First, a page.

Fallen Airman's family mourns
Posted January 23, 2010 10:12 p.m. EST
Updated January 24, 2010 6:59 a.m. EST
Knightdale, N.C. — Relatives and friends are mourning the loss of a Knightdale native and Airman who died Tuesday in Afghanistan of wounds inflicted by an improvised explosive device.
Tech. Sgt. Adam K. Ginett, 29, died near Kandahar Air Field, the Department of Defense said. A 1998 graduate of East Wake High School, he was assigned to the 31st Civil Engineer Squadron at Aviano Air Base in Italy.
Ginett worked in explosive ordinance disposal and was a master sniper.
Ginett's parents said that they learned of his death Tuesday after three men came to their front door.
“There was a captain, a lieutenant and a chaplain. And once I saw them, I knew,” said Christina Kazakavage, Ginett's mother.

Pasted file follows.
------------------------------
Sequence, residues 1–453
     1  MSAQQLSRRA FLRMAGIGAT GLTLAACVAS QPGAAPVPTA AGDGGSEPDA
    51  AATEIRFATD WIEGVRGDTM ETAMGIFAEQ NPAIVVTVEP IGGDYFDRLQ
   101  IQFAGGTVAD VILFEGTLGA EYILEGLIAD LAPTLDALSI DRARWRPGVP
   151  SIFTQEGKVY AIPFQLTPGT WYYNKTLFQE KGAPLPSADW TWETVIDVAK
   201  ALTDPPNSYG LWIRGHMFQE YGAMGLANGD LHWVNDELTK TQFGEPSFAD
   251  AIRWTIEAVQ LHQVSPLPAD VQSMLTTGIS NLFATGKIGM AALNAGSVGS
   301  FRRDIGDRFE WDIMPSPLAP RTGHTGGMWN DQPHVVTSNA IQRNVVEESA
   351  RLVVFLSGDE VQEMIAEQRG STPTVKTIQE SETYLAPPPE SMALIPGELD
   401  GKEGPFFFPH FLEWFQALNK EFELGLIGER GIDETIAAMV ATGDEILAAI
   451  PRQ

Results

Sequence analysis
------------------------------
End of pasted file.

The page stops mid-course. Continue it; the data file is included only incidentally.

Christina Kazakavage said Saturday that she takes comfort knowing her son died doing what he loved.
“He understood what he was supposed to do,” Christina Kazakavage said.
“He’s over there saving lives,” said James Kazakavage, Ginett's father.
Ginett lived in Knightdale before joining the Air Force at age 18, according to his obituary. He served three tours in Iraq and two tours in Afghanistan.
Ginett earned the Bronze Star on his first tour in Afghanistan. He and six others in his unit came under fire from 28 members of the Taliban. They killed 13 insurgents and captured the others, according to his parents. His unit was unharmed.
“He said, 'I wasn't supposed to take a life, that was not my mission. I’m supposed to save lives by getting rid of the explosives,'” Christina Kazakavage recalled from a conversation with her son.
Ginett held two bachelor's degrees and a master's degree in criminal justice and political science, according to the obituary.
At the time of his death, he lived with his parents and sister, Sarah Kazakavage, in Coats.
A transfer ceremony for Ginett is planned for Monday at Seymour Johnson Air Force Base. His funeral is set for Friday.